APO, like every voluntary organisation, relies on hours of blood, sweat and tears from its members. For those of us performing, the approbation of an audience at the end of a concert is the most obvious show of appreciation for the many hours of preparation, practice and rehearsal that have gone into bringing the music to life. Obviously, we don’t just do it for the applause; it’s secondary to the heart-warming, soul-enhancing experience of coming together to make music with friends, and particularly the opportunity this gives for expressing our emotions. Music is about life, after all.
It’s almost cliché to point out that there’s a lot that goes on behind the scenes to enable these music-making opportunities. Led by a committee of super-dedicated volunteers, all members of APO contribute to the completion of the many tasks that make it all happen. At the top of the organisation is the chairperson. That was me for the first three years of APO, before I handed over to the force of nature that is Becky Stewardson. Our current chair is a fellow violinist, Emily Bushby. But this post is about the person who held the post between them: Andrew Le Breuilly.
Andrew is not a musician. It’s obvious that you don’t have to be a musician to volunteer with APO, but I do find it remarkable that non-musicians are willing to sacrifice their time and effort in support of an activity in which they don’t get to directly partake. Andrew has not been the only person who volunteers without the satisfaction of being part of the performance, but nobody has given more to APO without playing a note than our ‘Rubbish Hero’.
This epithet is, of course, a reference to the fact that Andrew set up the voluntary organisation, ‘Wokingham Litter Heros’, which gave me the chance to write a catchy headline for this post (hat-tip to Phil Creighton of The Wokingham Paper, who used a similar headline, yesterday!). However, there is some truth to the notion that Andrew is rubbish at being a hero, at a stretch. Let me explain: most heros have a high profile – everyone knows about their good deeds and they are rightly celebrated. Andrew doesn’t do this bit of being a hero at all well; he falls into the ‘unsung’ category of heros. He gets on with things, mainly behind the scenes, and seeks only the quiet satisfaction of being an ‘enabler’ – seeing everyone else reap the benefit of his work. This is why he didn’t want a big fuss made of him when he stepped down from the committee late last year, having not only served for several years as chairman, but subsequently treasurer.
But the committee agreed that we can’t let him go without at least a little fuss and recognition not just of his efforts, but of his achievements. APO today is a slick organisation. Most things we do are paperless, backed up by an infrastructure of official APO email accounts and electronic resources. Fixing is done by electronic form, and the same platform is used for ticket sales and donations. Being a fully-paid up ‘geek’, Andrew has overseen the automation of many processes that underpin these facilities.
These days, using ‘Mailchimp’ to send attractive publicity emails is commonplace, but it was relatively unknown when Andrew introduced us to it. But having attractive publicity emails is no good if you don’t send them at the right time and with the right content. Andrew actually undertook a qualification so that he could write an effective marketing and fundraising strategy that APO still uses to this day – and we are really starting to feel the benefits in terms of driving ticket sales.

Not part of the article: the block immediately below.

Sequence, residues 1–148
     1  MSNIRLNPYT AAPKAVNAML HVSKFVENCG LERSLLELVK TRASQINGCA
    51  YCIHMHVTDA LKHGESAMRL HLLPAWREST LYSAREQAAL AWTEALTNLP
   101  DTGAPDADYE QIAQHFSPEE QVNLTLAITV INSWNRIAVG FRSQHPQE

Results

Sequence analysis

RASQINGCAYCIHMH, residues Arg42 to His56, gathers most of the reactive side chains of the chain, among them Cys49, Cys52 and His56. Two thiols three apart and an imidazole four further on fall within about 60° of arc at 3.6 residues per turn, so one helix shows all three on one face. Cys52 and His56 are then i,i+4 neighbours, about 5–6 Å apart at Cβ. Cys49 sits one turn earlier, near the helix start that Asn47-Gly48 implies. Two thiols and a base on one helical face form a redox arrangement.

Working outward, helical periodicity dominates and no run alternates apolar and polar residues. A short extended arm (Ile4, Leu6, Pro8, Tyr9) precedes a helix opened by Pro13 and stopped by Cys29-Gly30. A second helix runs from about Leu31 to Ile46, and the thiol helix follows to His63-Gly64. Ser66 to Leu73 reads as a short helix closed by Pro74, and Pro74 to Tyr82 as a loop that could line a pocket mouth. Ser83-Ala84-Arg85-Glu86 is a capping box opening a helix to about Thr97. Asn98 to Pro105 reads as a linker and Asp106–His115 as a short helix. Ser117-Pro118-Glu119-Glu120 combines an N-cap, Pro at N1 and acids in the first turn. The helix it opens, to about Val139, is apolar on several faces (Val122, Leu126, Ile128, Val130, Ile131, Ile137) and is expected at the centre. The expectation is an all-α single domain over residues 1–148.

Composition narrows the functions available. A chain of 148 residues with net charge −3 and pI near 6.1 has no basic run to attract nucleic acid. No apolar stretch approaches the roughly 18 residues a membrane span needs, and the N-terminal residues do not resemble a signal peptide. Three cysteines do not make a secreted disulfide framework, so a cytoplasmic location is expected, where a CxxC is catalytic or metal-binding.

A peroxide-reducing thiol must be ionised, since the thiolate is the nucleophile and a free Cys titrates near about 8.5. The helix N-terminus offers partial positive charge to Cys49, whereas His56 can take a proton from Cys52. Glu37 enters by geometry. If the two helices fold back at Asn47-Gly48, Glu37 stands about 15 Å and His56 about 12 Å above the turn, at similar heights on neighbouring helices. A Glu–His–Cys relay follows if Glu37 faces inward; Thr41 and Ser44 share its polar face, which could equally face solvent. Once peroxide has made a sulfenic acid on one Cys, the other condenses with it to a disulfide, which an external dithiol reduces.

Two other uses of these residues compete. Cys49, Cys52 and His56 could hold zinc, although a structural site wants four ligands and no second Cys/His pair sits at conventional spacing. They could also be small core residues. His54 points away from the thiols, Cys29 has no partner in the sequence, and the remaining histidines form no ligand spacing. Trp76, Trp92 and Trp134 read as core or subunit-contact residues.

All of the above is so important for the smooth running of the orchestra and is only a taster of some of the ‘back of house’ activity that enables us to run a complex and challenging operation. It’s only part of the story, though. Andrew is a terrific human being and a strong leader. I’m proud to call him my friend and throughout his time on the APO committee, especially as chair, I leaned heavily on him for emotional support, and he bore with good humour my artistic temperament.
Andrew’s leadership saw many projects realised (each concert is a project, really – they’re huge undertakings), but I think the one that should be most celebrated is ‘Pictures at Our Exhibition’, also known as #APOpictures. This was the project that saw us work in collaboration with Reading art organisation ‘Jelly’, to provide six young composers (aged 12-21) with the opportunity to write an orchestral piece in response to a Jelly artists’ work. Andrew’s sheer determination was what made this project a resounding success. As well as a fantastic concert, it received international recognition in the academic world and contributed to the winning an Reading Cultural Award for one of the composers, Alice Knight. It was such a great moment when I stood alongside Andrew on the big night of the concert, as he introduced the piece. I know he was immensely proud of APO’s achievement, which was in no small way down to him.
Reading back through my words, this post almost reads like an obituary, which is wrong on so many levels! Andrew has not left the building, literally or metaphorically. In fact, at the precise time this post gets published, he’ll be in the car park of the Great Hall, with his hi-vis vest on, ensuring people can park and get to their seat safely for tonight’s #APOdesire concert (so, technically, he will be outside the building, I guess). He’s often around at APO, particularly given his lovely wife, Mel, has recently been appointed as our new leader. So, when you see him, please join all of us in thanking him for everything he’s done, and everything he does.